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Where to Start: Tableau or Power BI?

In the last couple of decades, companies have collected an unfathomable amount of data. For a while, it was all about big data, but that mindset has changed recently. Not to say that firms aren’t still hoarding data. They are. But the thinking has gone from big to small. Today, it’s not about the most data, but the best data — and that’s subjective.

Thankfully, that’s where business analysts come into the picture. It’s their job to wade into data (big and small) and make sense of it — and their go-to tools are Tableau and Power BI. If you’re just getting into data analysis, then you’re in a desirable position.

If you’re starting fresh with either Power BI and Tableau, then you have a lot to consider. They’re both powerful tools with relatively light learning curves.

Why Tableau or Power BI?

In the past, we’ve covered the Python libraries that visualize, process, and manage data. Increasingly, however, business analysts are turning to data products for those functions.

There are many data analysis products out there, but Tableau and Power BI are the two most popular tools among analysts. Despite a seven-year head start in the data analysis market, Tableau slightly edges out Power BI in market share.

Functionally, the two products operate generally the same, but they differ in important ways.

Tableau

Tableau is a popular data analysis and visualization tool. Among the top products, Tableau has been around the longest — nearly 15 years, now. It’s an essential tool for data analysts.  

 

What’s Good About Tableau

Tableau has a lot of polished features that make it feel like a high-quality product. It easily handles forecasting, clustering, live querying, and cross-data source filtering. But, that’s not all that that makes it stand out. There are a few other places where Tableau shines.

Data visualization. Tableau is probably best known among data professionals and laypeople alike for making data beautiful. CBT Nuggets trainer Knox Hutchinson highlights a few of his favorite data vizzes in his Tableau Essentials training, including this Pokemon dashboard.

User experience. Tableau really shows its maturity with little touches, like one-click weighted averages, baselines, and moving averages. Like most well-designed products, everything you need is at your fingertips.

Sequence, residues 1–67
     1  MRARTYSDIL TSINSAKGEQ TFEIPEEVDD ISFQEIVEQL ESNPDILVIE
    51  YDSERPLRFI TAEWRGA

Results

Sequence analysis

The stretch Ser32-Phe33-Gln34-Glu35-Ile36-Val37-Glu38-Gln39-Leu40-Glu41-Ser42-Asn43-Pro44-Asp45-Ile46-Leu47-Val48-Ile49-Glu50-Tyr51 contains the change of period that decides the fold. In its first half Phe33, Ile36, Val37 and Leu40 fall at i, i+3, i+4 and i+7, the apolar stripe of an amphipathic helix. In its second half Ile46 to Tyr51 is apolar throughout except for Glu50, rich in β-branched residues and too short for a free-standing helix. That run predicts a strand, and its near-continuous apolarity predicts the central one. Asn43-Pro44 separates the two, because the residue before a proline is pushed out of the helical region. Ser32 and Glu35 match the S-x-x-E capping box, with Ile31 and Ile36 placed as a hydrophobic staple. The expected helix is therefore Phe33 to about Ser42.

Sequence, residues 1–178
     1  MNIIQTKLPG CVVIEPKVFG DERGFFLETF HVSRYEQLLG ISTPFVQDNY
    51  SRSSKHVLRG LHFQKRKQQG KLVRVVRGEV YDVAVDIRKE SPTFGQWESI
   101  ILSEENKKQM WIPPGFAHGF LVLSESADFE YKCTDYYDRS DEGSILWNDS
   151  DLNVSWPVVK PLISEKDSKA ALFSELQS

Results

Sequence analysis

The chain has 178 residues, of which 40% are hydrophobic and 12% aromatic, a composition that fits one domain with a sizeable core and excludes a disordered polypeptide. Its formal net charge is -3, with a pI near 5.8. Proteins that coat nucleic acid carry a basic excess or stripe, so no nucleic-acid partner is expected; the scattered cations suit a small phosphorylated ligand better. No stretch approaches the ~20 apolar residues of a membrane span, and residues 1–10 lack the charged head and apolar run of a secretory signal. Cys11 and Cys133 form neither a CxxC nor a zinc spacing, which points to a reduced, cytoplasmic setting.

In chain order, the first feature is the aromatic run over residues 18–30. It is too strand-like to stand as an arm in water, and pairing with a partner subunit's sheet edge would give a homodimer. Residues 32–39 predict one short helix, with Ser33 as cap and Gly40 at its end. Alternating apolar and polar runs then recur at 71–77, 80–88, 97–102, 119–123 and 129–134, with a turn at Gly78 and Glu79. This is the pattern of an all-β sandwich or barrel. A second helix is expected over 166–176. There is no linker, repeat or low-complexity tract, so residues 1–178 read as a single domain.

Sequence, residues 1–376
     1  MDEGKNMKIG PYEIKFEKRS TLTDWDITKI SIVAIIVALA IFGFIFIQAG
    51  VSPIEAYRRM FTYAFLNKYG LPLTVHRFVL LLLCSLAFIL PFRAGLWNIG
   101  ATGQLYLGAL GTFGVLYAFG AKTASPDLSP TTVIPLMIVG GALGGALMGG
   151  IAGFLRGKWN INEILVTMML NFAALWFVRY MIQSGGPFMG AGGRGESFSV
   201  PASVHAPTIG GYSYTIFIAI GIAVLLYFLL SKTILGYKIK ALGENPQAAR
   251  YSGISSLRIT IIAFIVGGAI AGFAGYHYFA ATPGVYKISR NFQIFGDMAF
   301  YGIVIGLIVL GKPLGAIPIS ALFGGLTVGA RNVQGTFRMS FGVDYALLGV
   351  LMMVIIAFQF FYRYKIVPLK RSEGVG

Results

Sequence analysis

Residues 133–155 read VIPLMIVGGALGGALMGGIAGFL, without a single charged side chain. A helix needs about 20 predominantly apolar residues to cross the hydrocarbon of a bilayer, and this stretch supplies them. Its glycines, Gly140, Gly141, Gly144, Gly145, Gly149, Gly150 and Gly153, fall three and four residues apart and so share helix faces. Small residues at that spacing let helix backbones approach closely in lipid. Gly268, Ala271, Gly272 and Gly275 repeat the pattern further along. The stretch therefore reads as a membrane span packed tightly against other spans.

Extensive data source support. Out of the box, Tableau has a built-in connector for just about every data source you’ll commonly run across — and it’s great at running them all. The only limitation for data connections for Tableau is performance. You see this statement a lot in the Tableau documentation. Basically, Tableau says their infrastructure can handle it. Can your machine?

 

Why start with Tableau?

You can think about Tableau as the fine-tuned sports car of the BI product. There’s nothing keeping you from making it your daily driver, but it might be a little much for running errands. While it might seem counterintuitive to start with the more robust software, it saves you the trouble of finding its limitations — and then upgrading.

If you anticipate making business or data analytics your career,  skip Power BI and go straight for Tableau. It’s expensive. But it’s also worth every penny if you’re using it to its fullest extent. If you are looking to generate a few reports here and there, you might want to consider Power BI.

Power BI

Power BI is Microsoft’s answer to Tableau, and it’s a very good alternative. Power BI came crashing into the data analysis world a few years ago, but it already has a big following.

 

What’s Good About Power BI

Power BI may have been a little behind Tableau when it first launched, but things have certainly changed. While it doesn’t have the fine-grain controls that make Tableau a pleasure to use, Power BI can basically do everything that Tableau does.

In the last year, Microsoft even made some serious gains with data visualization. It’s come a long way from that first version of PowerPivot.

Integration with Office 365 and Azure. As with any Microsoft product, the big selling point is self-referential — it’s a Microsoft product. That means it plays nice with the other products. It’s particularly nice that Power BI works well with Excel.

It’s free. Tableau is a premium experience for a premium price. Power BI is a very good experience at a more affordable price. It’s the Microsoft way. You can go download Power BI Desktop for free right now. If you want to upgrade to Power BI Pro, then it’s $9.99 per user per month.

Certification paths. Most Microsoft products or services have certification paths. Power BI is no different. As a business analyst, it’s nice to have something concrete on your resume that validates your knowledge. For Power BI, that’s the MCSA: Business Intelligence certification.

 

Why start with Power BI?

If you’re dabbling in data analysis for the first time (as a PC user), Power BI should be your first analysis software. The price tag and functionality of Power BI is compelling for an aspiring data analyst.

If Tableau is the sports car, then Power BI is the minivan. It’s dependable, safe, and versatile. Anyone can sit down with Power BI and start generating reports and dashboards.

Conclusion

There’s no winner in this comparison. There’s no loser. The solution that works for you is going to be the one that does what you need it to do and fits in your budget.

If you have the budget to pay for Tableau, then we highly recommend it. It is a refined product that works really well for creating high-performance dashboards and reports. If you have more modest goals in mind, then Power BI will serve you well.

 

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